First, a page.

Scots sweetheart Erraid Davies celebrates her Commonwealth medal success with a can of Irn-Bru
THE 13-year-old, who won bronze in the para-sport 100m breast stroke on Sunday, had given up the fizzy drink as she focused on training for the event.
SWIMMING sensation Erraid Davies yesterday toasted her Commonwealth Games medal with an Irn-Bru – her first since she began training for Glasgow 2014.
The 13-year-old, who won bronze in the para-sport 100m breast stroke on Sunday, had given up the fizzy drink as she focused on training for the event.
Her dad David said: “It was nutella on toast and a glass of Irn-Bru to celebrate. It was her first Irn-Bru since she began training for the games.”
Erraid, from Shetland, told of her joy at her success, which came despite having to train in a pool just a third of the size of the one she won her medal in – and having no other para-swimmers to race against.
The schoolgirl, the Games’ youngest ever medallist, said: “I was just really happy, I didn’t expect it.
“It was really, really good. It was nice to have a home crowd and you can hear them when you come up for breath which makes you want to swim faster.”
Her parents Joyce and David were in the stands at the pool to watch their daughter claim the medal.
David said: “It was a really long day but an exciting day. I hadn’t seen Erraid for about four weeks, as she had been to holding camps prior to the games.
“I saw her in the morning on Sunday and had a cuddle and then she went off to do her swim. I was so amazed because she looked so different. I had never seen her swim so quickly.
“It was absolutely amazing because at one point it didn’t look like she would touch the medals and then she suddenly began to catch up with everybody. It was overwhelming.”
David said he wasn’t sure Erraid had grasped the magnitude of her achievement, adding: “I don’t think it has really hit her how big it is but seeing her picture on the front page of all the papers this morning might have given her a clue.”
Erraid’s success is the culmination of a gruelling training regime – the teen swims up to 27.5km a week – in a pool in Shetland just 16.6m long.
David, a taxi driver, said: “It’s tiny. I think it goes to prove swimming is one of these things that all you need is water. The facilities aren’t great but she has great determination and a great coach and she just wants to succeed.”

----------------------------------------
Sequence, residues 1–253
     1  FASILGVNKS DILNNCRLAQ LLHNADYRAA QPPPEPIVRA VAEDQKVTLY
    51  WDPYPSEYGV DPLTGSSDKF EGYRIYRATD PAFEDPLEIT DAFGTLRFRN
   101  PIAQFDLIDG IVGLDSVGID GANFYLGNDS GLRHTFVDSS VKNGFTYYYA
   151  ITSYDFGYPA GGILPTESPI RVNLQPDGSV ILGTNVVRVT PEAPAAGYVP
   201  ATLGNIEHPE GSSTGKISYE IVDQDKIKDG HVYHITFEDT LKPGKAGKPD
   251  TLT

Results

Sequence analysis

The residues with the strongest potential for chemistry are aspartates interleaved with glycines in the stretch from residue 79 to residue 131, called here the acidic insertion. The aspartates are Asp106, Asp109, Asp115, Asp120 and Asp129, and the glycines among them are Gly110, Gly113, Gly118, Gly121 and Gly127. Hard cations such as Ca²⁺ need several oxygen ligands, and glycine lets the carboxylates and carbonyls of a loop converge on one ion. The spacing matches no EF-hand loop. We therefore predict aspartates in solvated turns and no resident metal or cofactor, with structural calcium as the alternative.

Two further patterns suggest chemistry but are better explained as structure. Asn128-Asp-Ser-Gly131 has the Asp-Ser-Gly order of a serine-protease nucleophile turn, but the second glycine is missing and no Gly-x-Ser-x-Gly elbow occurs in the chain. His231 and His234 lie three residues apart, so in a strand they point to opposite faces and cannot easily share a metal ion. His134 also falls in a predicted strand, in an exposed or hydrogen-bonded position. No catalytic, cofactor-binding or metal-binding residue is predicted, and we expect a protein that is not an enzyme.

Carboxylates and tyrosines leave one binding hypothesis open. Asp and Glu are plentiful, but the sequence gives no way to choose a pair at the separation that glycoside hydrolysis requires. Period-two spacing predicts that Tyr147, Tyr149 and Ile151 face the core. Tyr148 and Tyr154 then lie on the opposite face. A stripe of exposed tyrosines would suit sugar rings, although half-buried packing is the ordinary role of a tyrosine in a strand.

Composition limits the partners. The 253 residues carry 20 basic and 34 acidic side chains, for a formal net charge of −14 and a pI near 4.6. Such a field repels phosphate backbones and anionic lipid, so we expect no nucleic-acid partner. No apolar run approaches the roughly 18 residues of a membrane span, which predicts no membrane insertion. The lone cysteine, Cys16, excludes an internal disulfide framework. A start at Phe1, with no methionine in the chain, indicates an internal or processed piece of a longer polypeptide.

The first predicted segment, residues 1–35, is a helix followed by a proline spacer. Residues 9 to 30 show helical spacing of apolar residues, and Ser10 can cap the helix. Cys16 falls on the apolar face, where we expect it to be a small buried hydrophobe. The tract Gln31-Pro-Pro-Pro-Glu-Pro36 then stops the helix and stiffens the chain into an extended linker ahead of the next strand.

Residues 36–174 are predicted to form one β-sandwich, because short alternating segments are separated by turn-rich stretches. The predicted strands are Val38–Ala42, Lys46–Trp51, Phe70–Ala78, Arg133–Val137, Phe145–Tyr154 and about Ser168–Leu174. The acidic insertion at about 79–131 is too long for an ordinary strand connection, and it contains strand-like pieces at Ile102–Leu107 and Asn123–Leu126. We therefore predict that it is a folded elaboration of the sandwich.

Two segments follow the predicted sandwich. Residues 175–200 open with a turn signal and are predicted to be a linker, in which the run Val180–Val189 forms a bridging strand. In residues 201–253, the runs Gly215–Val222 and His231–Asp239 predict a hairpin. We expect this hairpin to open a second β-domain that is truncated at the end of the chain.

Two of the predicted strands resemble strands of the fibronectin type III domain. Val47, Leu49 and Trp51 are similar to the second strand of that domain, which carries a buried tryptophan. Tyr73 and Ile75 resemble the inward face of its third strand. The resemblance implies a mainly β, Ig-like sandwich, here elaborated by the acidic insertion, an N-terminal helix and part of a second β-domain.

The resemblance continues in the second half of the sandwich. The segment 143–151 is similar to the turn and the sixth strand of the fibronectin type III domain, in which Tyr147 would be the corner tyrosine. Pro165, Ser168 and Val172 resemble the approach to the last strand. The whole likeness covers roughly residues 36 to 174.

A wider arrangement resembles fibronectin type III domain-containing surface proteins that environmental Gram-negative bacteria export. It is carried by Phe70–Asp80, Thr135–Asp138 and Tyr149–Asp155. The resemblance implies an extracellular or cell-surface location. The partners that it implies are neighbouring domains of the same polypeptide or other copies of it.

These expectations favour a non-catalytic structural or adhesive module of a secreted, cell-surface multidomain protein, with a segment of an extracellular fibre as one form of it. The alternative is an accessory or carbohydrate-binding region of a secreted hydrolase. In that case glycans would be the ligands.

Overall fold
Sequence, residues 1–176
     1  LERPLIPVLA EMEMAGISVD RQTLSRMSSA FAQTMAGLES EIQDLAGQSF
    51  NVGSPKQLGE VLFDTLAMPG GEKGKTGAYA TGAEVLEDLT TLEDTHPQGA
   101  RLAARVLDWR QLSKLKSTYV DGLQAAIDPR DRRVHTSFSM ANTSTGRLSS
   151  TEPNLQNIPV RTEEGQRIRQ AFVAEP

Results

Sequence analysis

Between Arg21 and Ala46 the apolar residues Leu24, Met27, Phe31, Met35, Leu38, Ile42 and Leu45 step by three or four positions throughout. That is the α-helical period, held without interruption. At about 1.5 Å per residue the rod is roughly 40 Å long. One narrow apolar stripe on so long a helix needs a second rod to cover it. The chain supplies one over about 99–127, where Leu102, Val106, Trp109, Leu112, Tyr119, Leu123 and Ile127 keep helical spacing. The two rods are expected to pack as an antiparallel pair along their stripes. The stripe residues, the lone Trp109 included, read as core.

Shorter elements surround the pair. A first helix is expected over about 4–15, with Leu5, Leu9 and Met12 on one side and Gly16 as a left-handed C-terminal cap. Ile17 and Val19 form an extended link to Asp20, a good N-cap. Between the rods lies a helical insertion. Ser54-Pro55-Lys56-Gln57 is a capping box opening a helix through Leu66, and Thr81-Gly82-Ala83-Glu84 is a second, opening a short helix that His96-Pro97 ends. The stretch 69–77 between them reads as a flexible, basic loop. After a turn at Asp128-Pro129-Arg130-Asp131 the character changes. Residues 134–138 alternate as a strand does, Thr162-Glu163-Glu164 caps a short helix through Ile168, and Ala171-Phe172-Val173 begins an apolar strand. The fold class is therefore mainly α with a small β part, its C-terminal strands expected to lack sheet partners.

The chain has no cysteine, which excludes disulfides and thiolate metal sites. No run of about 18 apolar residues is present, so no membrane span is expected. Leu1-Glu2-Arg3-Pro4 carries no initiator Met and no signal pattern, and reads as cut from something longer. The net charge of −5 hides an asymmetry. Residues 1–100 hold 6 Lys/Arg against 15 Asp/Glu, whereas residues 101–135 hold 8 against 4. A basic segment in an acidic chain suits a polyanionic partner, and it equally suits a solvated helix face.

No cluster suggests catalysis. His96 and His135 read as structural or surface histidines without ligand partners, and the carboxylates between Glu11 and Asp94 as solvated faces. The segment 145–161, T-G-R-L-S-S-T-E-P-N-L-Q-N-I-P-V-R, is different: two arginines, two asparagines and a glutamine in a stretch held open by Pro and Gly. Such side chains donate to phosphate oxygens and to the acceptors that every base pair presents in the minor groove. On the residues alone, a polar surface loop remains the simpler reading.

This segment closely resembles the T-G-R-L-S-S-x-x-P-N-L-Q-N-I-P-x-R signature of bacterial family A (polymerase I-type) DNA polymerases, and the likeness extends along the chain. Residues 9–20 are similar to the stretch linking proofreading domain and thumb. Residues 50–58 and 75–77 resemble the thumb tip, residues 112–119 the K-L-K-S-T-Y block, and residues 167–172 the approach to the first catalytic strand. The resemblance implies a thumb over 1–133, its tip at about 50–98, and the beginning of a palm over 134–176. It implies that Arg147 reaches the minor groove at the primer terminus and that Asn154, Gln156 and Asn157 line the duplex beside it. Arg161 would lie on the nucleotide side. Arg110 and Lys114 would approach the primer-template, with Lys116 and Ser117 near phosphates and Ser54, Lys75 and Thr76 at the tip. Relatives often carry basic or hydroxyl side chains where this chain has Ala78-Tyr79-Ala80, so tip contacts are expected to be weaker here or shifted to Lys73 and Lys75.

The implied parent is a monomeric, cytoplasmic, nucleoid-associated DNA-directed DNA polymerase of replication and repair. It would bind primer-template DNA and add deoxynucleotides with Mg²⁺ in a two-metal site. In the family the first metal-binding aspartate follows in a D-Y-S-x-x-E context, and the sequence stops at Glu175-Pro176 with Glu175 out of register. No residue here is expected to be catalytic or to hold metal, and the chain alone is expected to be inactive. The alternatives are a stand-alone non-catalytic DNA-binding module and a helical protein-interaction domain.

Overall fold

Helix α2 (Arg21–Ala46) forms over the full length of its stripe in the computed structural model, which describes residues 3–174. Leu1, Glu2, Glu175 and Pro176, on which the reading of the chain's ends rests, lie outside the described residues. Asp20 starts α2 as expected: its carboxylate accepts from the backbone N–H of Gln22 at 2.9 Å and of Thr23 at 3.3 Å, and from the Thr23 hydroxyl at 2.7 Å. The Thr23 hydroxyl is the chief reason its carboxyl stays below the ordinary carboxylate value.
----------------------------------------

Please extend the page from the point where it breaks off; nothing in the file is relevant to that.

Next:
Erraid added: “I train in a 16.6m pool and you just do a lot of turns. It’s different but you get used to it.”
Her coach, Lorraine Gifford, admits the local training facilities mean she has to adapt Erraid’s programme.
She said: “Coaching in that size pool you have to think outside the box. You can’t do things like stroke count because it only takes about three strokes to get up the other end.
“Erraid does 11 hours a week and does some land training. She trains after school and late at night and she works really hard – she is a hard worker.
“I’m just so proud, it was an absolutely amazing swim and a PB which is what we are looking for all the time. Seeing her on the podium was very emotional.”
Erraid suffers from a hip problem which qualifies her for the para-event.
Lorraine added: “She does get tired and her hip hurts sometimes if we do a lot of kick. She doesn’t like doing kick but I make her because it builds up the muscles round her hip.”
JSHPIX.CO.UKErraid with her parents Joyce and David
Yesterday, those back home on Shetland were offering their congratulations to the youngster.
Valerie Nicolson, head teacher at Anderson High School, Lerwick, said: “The smile we saw on the podium last night is the lass that we see in school every day. We’re absolutely delighted.”
Erraid is unsure what the future holds, adding: “I’ll try to get into Rio 2016. I’ll just see what I get. I love swimming.”